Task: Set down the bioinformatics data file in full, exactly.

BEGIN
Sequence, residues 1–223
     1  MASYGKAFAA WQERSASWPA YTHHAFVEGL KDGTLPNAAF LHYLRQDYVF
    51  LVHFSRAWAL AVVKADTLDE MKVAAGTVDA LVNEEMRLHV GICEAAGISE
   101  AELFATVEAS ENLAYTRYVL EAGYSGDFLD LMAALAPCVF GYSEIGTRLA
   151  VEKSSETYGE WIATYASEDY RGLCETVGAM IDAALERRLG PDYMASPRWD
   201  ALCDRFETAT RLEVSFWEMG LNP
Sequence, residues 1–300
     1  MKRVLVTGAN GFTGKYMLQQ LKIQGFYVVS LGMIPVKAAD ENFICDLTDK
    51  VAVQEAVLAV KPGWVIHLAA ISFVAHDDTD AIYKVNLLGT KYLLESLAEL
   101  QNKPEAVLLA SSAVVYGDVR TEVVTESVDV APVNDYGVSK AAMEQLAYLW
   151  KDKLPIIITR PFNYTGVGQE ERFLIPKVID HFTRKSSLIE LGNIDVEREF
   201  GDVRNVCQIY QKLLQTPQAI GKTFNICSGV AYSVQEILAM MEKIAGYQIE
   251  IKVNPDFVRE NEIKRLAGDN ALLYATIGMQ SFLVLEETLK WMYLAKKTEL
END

Sequence, residues 1–223
     1  MASYGKAFAA WQERSASWPA YTHHAFVEGL KDGTLPNAAF LHYLRQDYVF
    51  LVHFSRAWAL AVVKADTLDE MKVAAGTVDA LVNEEMRLHV GICEAAGISE
   101  AELFATVEAS ENLAYTRYVL EAGYSGDFLD LMAALAPCVF GYSEIGTRLA
   151  VEKSSETYGE WIATYASEDY RGLCETVGAM IDAALERRLG PDYMASPRWD
   201  ALCDRFETAT RLEVSFWEMG LNP
Sequence, residues 1–300
     1  MKRVLVTGAN GFTGKYMLQQ LKIQGFYVVS LGMIPVKAAD ENFICDLTDK
    51  VAVQEAVLAV KPGWVIHLAA ISFVAHDDTD AIYKVNLLGT KYLLESLAEL
   101  QNKPEAVLLA SSAVVYGDVR TEVVTESVDV APVNDYGVSK AAMEQLAYLW
   151  KDKLPIIITR PFNYTGVGQE ERFLIPKVID HFTRKSSLIE LGNIDVEREF
   201  GDVRNVCQIY QKLLQTPQAI GKTFNICSGV AYSVQEILAM MEKIAGYQIE
   251  IKVNPDFVRE NEIKRLAGDN ALLYATIGMQ SFLVLEETLK WMYLAKKTEL